Emergency measures alleviate traffic overnight in South Lake Tahoe; cars back on road this morning
Special to the Sierra Sun
SOUTH LAKE TAHOE, Calif. – While emergency measures overnight made a dent in the traffic problem, cars are still backed up this morning, attempting to get home.
Nevada Department of Transportation and Nevada State Police set up a checkpoint at the base of Spooner last night at 8:30 p.m. to turn non-essential traffic away from traveling westbound.
They let residents with identification through but turned all others away.
“Following emergency alerts issued last night for public safety, many drivers traveling westbound on U.S. 50 rerouted to safer valley locations. By approximately midnight, the existing traffic queue on U.S. 50 dissipated,” a NDOT spokesperson told the Tribune. “This helped protect public safety and allowed NDOT highway maintenance staff to plow and treat the U.S. 50 highway surface which had previously been gridlocked and inaccessible to plow operations. NDOT also mobilized highway maintenance staff from valley locations not impacted by the storm to assist with snow removal on U.S. 50.”
The City of South Lake Tahoe activated an Emergency Operations Center Tuesday evening which city officials believe made a difference.
“It gave the road on the California side through South Lake Tahoe a chance to clear up overnight. We expect it to back up again due to continued snow and strongly discourage travel today,” said Lindsey Baker, Assistant to the City Manager.
Governor Steve Sisolak, who declared a State of Emergency last night, tweeted out this morning, “I want to thank all of our first responders and emergency officials who worked diligently through challenging conditions overnight (and for most of the last week) to ensure our roadways and motorists are safe.”
Interstate 80 opened last night to essential commercial vehicles, alleviating some of the stress on Hwy 50.
While the measures last night were an effort to prevent people being stuck in their cars overnight in freezing conditions, snow continues to fall this morning and visitors still want to get home.
Traffic is still backed up on Hwy 50 through South Lake Tahoe.
“Plow operations will continue 24/7 with full staffing, but the more traffic is on the road, the more challenging and longer it takes for us to clear the roads,” the city posted on their Facebook.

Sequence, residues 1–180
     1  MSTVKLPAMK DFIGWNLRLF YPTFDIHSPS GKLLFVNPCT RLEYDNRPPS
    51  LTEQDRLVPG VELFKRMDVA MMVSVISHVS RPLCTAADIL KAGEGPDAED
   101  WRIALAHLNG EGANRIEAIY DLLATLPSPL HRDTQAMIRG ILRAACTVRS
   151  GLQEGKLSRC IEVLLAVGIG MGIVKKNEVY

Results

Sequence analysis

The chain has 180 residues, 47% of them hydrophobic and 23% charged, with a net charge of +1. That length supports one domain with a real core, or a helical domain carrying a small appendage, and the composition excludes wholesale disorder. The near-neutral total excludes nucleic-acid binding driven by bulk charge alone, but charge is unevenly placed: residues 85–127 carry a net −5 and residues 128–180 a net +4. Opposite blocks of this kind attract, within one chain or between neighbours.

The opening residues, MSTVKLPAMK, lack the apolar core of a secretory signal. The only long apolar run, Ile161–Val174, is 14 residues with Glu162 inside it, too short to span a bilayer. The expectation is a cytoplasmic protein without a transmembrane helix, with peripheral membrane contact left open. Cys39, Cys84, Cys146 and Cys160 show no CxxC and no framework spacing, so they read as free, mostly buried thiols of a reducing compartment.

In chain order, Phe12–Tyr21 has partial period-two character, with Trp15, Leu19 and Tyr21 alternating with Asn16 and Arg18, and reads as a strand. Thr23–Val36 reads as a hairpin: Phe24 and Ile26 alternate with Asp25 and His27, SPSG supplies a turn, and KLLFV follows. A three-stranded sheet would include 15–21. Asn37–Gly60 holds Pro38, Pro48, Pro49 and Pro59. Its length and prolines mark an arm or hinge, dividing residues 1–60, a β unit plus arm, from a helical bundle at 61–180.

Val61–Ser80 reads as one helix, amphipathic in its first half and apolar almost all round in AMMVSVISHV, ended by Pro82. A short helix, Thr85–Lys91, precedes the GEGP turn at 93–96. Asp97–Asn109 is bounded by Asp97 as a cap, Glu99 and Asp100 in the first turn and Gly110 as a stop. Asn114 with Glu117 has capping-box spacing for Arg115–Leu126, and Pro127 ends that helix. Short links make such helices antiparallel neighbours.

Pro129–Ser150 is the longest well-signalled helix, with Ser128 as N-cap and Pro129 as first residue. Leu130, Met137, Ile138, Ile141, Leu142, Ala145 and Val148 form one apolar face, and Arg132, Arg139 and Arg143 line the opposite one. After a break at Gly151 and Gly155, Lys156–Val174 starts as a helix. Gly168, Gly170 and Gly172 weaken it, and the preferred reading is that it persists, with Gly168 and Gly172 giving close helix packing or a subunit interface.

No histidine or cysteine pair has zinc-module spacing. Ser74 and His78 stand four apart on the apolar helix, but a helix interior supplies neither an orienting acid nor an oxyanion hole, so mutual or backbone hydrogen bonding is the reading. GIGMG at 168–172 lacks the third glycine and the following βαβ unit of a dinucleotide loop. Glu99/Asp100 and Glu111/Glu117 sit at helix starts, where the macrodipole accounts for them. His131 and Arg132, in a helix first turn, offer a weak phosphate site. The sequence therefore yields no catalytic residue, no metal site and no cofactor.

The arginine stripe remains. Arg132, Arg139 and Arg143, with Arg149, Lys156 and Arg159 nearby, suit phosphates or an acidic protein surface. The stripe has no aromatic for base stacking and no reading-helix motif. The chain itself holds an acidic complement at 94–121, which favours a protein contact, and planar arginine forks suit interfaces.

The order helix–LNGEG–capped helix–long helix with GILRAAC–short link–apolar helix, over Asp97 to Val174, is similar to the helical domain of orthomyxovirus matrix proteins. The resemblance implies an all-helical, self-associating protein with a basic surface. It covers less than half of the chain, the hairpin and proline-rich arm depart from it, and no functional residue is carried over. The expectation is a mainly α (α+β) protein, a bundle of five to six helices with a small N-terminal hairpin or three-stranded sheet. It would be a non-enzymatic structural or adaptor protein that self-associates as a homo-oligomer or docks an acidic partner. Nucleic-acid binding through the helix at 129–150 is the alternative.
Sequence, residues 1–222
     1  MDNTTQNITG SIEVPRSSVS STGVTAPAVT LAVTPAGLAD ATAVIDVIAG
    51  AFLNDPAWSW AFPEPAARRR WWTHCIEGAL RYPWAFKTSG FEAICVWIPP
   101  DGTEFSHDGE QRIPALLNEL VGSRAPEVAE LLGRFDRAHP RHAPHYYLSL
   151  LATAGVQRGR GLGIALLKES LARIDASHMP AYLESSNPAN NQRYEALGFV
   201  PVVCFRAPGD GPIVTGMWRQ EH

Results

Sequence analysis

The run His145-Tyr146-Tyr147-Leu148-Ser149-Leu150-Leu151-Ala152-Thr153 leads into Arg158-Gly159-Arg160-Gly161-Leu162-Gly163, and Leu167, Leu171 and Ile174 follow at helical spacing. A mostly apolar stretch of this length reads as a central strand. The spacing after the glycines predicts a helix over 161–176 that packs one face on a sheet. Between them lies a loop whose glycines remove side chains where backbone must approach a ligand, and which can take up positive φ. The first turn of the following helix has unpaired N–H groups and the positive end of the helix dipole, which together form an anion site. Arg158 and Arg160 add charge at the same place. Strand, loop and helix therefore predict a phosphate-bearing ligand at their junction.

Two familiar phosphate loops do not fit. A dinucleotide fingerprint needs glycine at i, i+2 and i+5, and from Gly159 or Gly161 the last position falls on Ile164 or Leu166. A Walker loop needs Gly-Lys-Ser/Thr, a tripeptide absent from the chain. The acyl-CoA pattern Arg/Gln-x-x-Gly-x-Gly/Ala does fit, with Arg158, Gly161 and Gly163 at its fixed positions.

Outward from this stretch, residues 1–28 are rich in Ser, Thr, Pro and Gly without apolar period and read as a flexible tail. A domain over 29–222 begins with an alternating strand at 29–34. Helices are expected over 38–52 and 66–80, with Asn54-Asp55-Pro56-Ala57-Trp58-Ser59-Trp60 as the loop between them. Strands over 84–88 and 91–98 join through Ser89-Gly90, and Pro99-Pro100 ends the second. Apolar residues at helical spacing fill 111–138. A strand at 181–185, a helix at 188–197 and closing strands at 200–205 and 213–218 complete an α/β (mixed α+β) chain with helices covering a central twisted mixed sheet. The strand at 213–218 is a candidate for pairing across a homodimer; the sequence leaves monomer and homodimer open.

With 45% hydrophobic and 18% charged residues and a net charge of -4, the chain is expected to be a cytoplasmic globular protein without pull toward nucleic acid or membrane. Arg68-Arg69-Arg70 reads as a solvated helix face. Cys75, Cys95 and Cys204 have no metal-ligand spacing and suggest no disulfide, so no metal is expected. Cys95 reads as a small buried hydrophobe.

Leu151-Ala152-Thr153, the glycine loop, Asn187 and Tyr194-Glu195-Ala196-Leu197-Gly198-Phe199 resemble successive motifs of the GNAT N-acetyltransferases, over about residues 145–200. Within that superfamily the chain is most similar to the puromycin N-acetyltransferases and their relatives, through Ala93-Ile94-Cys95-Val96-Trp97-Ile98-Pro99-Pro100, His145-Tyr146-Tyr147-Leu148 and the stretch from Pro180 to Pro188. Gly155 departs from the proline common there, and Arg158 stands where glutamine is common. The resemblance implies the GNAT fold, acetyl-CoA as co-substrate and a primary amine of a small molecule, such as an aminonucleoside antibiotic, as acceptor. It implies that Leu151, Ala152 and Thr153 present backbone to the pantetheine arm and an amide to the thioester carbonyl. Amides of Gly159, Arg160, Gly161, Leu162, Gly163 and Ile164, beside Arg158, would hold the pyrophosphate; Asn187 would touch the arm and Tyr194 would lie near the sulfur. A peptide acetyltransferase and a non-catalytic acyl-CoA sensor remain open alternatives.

A winter weather advisory is still in place until 10 p.m. Wednesday Dec. 29, and South Lake Tahoe has already received several inches of snow.
A statement from the National Weather Service Wednesday morning said, “Snow showers are arriving in the Sierra with some light showers for western NV by sunrise. Take the AM and PM commutes slow today. Slick roads and icy conditions will be possible today.”
Mt. Rose Highway reopened on Tuesday after being closed for several days. However, a commercial vehicle, which wasn’t allowed to travel on the road, got stuck on Wednesday morning. NHP officers are directing traffic around the vehicle but traffic is backed up.
“While U.S. 50, State Routes 28 and 207 in Nevada are currently open for travel, with chains required on all vehicles except 4-wheel drive with snow tires, non-essential travel is not advised in the area due to storm-related adverse driving conditions,” NDOT said. “Weather and travel conditions can change quickly, and motorists are advised to check with local authorities and NVRoads.com for current conditions, road closures and safety information.”
NHP reiterated that no commercial vehicles are allowed on Mt. Rose Highway at this time.
Laney Griffo is a staff writer for the Tahoe Daily Tribune, a sister publication of the Sierra Sun. She can be reached at firstname.lastname@example.org
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